Britain's and France's attitudes towards decolonization on the eve of WWII

Futurist

Ad Honoris
May 2014
21,708
SoCal
Does anyone here know what Britain's and France's attitudes towards decolonization were on the eve of World War II in 1939?

I know that WWII ushered in a grand era of decolonization and that Britain and France declared war on Nazi Germany in order to protect Poland's independence, but I am wondering as to what Britain's and France's attitudes towards national self-determination for non-White peoples were at the start of WWII.

Anyway, any thoughts on this?
 
Dec 2018
103
Australia
They did have League of Nations mandates to bring the old Central Powers colonies to independence.
So it would have be there although, I wouldn't have a clue in what amount.
Very good question
 
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pugsville

Ad Honorem
Oct 2010
9,475
Mixed. Most poeple didn;t really care that much out, "liberal' Politicians often favored de-colonization more a board luke warm non-opposition than euthasitaic backing, , 'conservative' often fervently did not, but mainly a smaller core that were quite hard line, the "die hards" grouping in Britain. Know much more about Brittan than France.
 

rvsakhadeo

Ad Honorem
Sep 2012
9,212
India
I believe that at around the start of WW II, the British hold on India had already loosened due mainly to the agitation for Freedom under the leadership of Gandhi plus random acts of terrorism. Britain had promised, under the Cripps mission, in 1946, for negotiating the terms of eventual Independence. The idea of this mission must have been under consideration of the British politicians for some time before that. I believe it was Clement Attlee who came to power just around the end of WW II was the mover behind this.
 

royal744

Ad Honoris
Jul 2013
10,631
San Antonio, Tx
Mixed. Most poeple didn;t really care that much out, "liberal' Politicians often favored de-colonization more a board luke warm non-opposition than euthasitaic backing, , 'conservative' often fervently did not, but mainly a smaller core that were quite hard line, the "die hards" grouping in Britain. Know much more about Brittan than France.
I can’t make heads or tails out of this post.
 
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AlpinLuke

Forum Staff
Oct 2011
27,011
Italy, Lago Maggiore
Today in not a few African countries they use money printed on behalf of the French Treasure. It's a free choice, but it soundes at least curious that Paris still control the monetary police of those countries [if you print the money ...]. Moreover, a stable and strong money means a loss of competitiveness by the local African producers ... and nice financial advantages for the local elites. It's the CFA Franc CFA franc - Wikipedia.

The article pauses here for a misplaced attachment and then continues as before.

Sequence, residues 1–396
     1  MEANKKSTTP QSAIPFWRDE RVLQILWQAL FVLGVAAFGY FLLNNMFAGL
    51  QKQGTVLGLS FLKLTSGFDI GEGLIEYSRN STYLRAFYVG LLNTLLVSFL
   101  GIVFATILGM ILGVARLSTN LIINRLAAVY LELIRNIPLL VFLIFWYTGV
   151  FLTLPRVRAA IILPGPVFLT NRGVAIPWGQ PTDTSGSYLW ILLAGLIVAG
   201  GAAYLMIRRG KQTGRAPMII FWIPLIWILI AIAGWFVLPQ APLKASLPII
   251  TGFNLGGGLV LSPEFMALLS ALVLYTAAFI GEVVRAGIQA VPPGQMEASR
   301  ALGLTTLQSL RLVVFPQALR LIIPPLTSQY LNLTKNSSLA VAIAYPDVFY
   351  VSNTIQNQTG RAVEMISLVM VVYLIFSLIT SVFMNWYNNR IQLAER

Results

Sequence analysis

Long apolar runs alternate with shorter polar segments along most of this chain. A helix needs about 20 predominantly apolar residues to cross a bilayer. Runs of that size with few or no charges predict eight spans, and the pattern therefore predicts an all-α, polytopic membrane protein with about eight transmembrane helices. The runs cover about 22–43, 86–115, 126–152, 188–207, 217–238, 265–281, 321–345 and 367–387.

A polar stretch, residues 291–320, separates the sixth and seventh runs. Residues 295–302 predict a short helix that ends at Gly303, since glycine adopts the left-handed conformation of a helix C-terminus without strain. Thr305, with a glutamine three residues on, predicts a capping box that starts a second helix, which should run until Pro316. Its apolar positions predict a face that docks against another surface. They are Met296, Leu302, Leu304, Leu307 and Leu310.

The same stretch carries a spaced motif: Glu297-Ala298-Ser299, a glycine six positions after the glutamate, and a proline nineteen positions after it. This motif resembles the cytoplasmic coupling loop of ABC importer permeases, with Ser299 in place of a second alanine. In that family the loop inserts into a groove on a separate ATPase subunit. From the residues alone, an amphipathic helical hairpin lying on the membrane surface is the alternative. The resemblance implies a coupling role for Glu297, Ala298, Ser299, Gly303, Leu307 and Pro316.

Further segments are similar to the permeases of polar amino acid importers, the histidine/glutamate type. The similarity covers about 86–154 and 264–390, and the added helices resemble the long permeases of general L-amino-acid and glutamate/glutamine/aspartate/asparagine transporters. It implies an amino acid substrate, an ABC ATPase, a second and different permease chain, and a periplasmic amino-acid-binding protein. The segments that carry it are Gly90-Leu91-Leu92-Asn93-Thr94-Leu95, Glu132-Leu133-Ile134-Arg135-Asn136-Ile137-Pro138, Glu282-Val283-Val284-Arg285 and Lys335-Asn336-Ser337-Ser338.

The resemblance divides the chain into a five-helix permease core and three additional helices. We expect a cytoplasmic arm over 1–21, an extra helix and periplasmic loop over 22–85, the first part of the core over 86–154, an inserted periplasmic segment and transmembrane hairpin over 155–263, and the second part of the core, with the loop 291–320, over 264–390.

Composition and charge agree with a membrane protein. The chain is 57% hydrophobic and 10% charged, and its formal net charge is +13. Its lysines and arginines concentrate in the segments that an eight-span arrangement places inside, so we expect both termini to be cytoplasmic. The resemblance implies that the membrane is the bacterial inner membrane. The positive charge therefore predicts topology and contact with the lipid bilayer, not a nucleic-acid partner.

This currency exists since December 1945. So it's a clue about the attitude of Paris regarding the incoming decolonization: if you agree we will keep on controlling "your" money.
 

royal744

Ad Honoris
Jul 2013
10,631
San Antonio, Tx
Today in not a few African countries they use money printed on behalf of the French Treasure. It's a free choice, but it soundes at least curious that Paris still control the monetary police of those countries [if you print the money ...]. Moreover, a stable and strong money means a loss of competitiveness by the local African producers ... and nice financial advantages for the local elites. It's the CFA Franc CFA franc - Wikipedia.

This currency exists since December 1945. So it's a clue about the attitude of Paris regarding the incoming decolonization: if you agree we will keep on controlling "your" money.
Interesting. Aren’t there one or two countries in the world that abandoned their currencies and adopted the US dollar for use in their daily lives?
 

AlpinLuke

Forum Staff
Oct 2011
27,011
Italy, Lago Maggiore
Interesting. Aren’t there one or two countries in the world that abandoned their currencies and adopted the US dollar for use in their daily lives?
I think so, but it's not said it works ... remember Argentina which linked its currency unit to US dollar ... that was the main reason of the deadly economical crisis that the country had to face. And not in a far past.

For a developing country to link its own currency unit to the currency unit of a developed country can be a problem. My economical education tells me that until you are a developing country it's better for you to have your own weak and vulnerable currency unit.

I could even talk about Italy: until we had Lira we were the China of Europe. Once we linked Lira to German Frank we lost all ... Germans bought no more from Italian producers, but from Asian producers, real estates in Italy became incredibly expensive [they doubled their cost] and the real capability to spend of the common Italian diminished in a drastic way.